Cyprus Mail

Paphos mayor calls for action, police intervene in fight between unaccompanied minors (Updated)

Καυγάς Ασυνόδευτων αλλοδαπών στην Πάφο
Photo: CNA

Paphos Mayor Phedon Phedonos on Saturday called for talks at the presidential palace to discuss migration, a day after anti-riot police intervened to break up a fight between unaccompanied minors at a hotel in the King of the Tombs area.

Five minors were slightly injured during the row on Friday afternoon, two of whom were taken to Paphos hospital A&E, treated and discharged.

Police managed to stop the situation from escalating, remaining at the scene until the early hours of Saturday.

The incident happened when the two groups of unaccompanied minors got into a physical altercation during a game of football, CNA reported.

The mayor first posted videos on his Facebook page showing youngsters throwing plastic chairs as they chased each other around the pool and outside the hotel, posing the question: “This is what happens at the hotel in Paphos where unaccompanied minors are hosted. There are political responsibilities for the failure of the state to manage this issue. Will anyone shoulder them? Surely not.”

He then made statements to the media, calling for a high-level meeting with the participation of local authorities and urging the government to implement effective policies since, he argued, migration flows and thousands of asylum-seekers would remain an issue for the next ten to 20 years.

The mayor stressed that he was not xenophobic, but said parties, government, the ministers and the president himself must all address the issue.

Cyprus has been struggling to cope with a surge in irregular migrants, many of them from African countries who cross into the government-controlled areas from the buffer zone.  Many are housed in over-stretched reception facilities in torrid conditions.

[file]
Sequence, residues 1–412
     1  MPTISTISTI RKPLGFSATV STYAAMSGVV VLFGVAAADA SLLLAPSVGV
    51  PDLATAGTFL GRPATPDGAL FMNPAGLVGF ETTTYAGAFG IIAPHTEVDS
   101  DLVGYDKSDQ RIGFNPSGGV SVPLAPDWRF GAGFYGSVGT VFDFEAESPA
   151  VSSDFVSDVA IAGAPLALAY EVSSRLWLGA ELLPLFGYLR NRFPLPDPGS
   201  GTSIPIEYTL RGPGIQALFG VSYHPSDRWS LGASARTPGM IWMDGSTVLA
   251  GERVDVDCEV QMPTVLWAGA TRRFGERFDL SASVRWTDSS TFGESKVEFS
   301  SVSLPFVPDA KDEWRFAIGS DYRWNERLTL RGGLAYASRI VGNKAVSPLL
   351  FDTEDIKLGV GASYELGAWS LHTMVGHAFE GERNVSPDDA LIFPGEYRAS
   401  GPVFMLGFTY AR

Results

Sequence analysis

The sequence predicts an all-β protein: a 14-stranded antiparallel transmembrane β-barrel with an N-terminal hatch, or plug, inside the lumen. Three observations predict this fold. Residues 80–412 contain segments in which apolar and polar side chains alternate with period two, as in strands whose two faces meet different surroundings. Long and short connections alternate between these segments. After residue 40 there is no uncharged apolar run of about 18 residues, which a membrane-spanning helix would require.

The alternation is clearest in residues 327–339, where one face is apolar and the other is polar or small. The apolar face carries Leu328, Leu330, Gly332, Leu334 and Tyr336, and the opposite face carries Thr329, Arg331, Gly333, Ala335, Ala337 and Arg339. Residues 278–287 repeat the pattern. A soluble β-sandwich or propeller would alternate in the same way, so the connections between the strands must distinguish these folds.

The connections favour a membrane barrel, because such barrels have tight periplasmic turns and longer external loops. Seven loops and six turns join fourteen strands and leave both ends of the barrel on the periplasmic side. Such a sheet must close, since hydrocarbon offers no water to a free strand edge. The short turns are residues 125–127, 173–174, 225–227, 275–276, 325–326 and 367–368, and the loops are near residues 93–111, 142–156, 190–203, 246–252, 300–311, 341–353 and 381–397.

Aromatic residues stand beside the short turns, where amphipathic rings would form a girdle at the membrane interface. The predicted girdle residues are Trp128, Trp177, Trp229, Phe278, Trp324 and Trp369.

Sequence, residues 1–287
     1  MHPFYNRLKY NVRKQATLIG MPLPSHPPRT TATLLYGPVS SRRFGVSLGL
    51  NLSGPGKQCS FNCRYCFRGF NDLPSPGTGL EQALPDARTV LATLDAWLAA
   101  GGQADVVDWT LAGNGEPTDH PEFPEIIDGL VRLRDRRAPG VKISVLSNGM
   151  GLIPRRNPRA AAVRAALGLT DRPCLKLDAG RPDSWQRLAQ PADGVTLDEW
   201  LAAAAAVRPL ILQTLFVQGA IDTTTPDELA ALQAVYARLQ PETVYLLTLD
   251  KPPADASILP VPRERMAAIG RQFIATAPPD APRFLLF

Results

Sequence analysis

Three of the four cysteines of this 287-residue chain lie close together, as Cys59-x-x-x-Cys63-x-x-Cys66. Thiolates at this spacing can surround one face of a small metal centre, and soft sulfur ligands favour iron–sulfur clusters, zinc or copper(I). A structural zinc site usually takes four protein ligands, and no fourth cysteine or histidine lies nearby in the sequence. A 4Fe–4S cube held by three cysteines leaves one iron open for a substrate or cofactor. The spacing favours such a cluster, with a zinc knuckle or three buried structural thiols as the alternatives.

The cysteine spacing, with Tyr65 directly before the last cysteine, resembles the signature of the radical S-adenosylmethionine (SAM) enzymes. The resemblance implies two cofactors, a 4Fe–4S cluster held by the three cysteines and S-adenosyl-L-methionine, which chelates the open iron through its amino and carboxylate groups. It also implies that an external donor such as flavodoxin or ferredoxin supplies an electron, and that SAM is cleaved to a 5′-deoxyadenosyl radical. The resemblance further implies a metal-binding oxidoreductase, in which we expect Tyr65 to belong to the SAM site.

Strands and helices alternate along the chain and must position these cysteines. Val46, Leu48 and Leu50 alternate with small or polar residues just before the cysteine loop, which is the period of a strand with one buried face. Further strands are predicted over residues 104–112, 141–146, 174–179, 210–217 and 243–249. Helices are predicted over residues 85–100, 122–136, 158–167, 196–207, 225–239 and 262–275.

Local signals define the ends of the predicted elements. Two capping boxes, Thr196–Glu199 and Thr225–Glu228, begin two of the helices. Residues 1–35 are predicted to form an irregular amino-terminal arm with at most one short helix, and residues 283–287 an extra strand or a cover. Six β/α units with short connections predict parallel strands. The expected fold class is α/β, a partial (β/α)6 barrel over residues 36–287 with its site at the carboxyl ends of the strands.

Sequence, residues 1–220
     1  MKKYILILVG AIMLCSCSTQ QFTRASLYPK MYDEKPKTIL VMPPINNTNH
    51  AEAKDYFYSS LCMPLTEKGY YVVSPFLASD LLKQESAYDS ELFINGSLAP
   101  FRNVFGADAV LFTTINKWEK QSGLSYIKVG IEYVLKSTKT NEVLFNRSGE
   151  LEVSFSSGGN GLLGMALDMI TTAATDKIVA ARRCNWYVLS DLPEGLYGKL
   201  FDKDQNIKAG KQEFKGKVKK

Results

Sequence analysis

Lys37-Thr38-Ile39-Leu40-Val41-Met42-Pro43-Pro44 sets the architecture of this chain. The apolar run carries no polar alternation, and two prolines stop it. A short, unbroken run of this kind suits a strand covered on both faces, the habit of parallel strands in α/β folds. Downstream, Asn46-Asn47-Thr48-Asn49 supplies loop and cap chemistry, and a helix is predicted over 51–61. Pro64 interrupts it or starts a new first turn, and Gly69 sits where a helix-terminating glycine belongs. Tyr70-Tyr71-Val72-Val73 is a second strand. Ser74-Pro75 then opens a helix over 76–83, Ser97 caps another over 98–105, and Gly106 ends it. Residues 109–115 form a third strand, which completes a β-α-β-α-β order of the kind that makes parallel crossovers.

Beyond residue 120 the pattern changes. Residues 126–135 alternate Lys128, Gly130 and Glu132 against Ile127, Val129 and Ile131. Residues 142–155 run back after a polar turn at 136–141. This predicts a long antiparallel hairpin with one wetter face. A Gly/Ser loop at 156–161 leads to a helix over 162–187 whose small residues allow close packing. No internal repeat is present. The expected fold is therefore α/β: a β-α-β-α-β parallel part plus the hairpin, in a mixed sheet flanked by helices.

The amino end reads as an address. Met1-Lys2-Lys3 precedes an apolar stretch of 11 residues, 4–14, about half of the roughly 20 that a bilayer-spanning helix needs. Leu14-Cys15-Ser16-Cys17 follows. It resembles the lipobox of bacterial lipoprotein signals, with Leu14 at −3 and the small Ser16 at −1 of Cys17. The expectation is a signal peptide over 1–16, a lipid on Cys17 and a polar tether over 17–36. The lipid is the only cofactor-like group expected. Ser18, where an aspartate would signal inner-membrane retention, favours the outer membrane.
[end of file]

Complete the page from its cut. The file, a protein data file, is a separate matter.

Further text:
With the number of asylum seekers per capita the highest in the EU, the government has sought help from the EU as it tries to restrict entries by stepping up policing along the green line, accelerating the processing of applications and increasing the number of returns of those whose bid for international applications fails.

The minors involved in Friday’s incident were taken to Paphos in recent weeks after an uproar over the conditions they were living in at the Pournara facility.  An initial plan to take them to the Famagusta area collapsed after the hotel there withdrew its interest amid complaints from the mayor that it would damage tourism.

Phedonos said that when he was asked whether the town of Paphos could accept these unaccompanied minors without protest, he had replied in the affirmative, even though reports indicate that some are not underage, as he thought they were young children fleeing war.

But since they were taken to the hotel in Paphos, they do not appear to be under the responsibility of social workers, or to be receiving an education, nor did it appear that any effort was being made to teach them Greek, he added.

Moreover, residents in the area have been complaining since the minors were relocated there, the mayor said.

Phedonos also cited the latest population census which showed that 38 per cent of the population of Paphos district in 2021 were foreign nationals. “With what is happening in the past six months the figure has gone up to 40 per cent,” he added. The 40 per cent includes Pontian Greeks and others from Europe and third countries who have been living in Paphos for 30 to 40 years, have learnt Greek and have been assimilated, he noted.

However, Paphos cannot sustain continuing to absorb and assimilate as it is at its limits, and the biggest victim was education, he said.

Here the education ministry has failed the mayor added since combined with unfettered trade unionism by primary school teachers’ union Poed regarding their teaching hours, 12 per cent of pupils do not speak Greek even though they may be in their fourth or fifth year of primary school. Indicatively, he said that in some classes 70 to 80 per cent of children in some classes cannot count to ten in Greek.

Paphos was sounding the alarm, as it could not cope with additional inflow and central planning was essential, he concluded.

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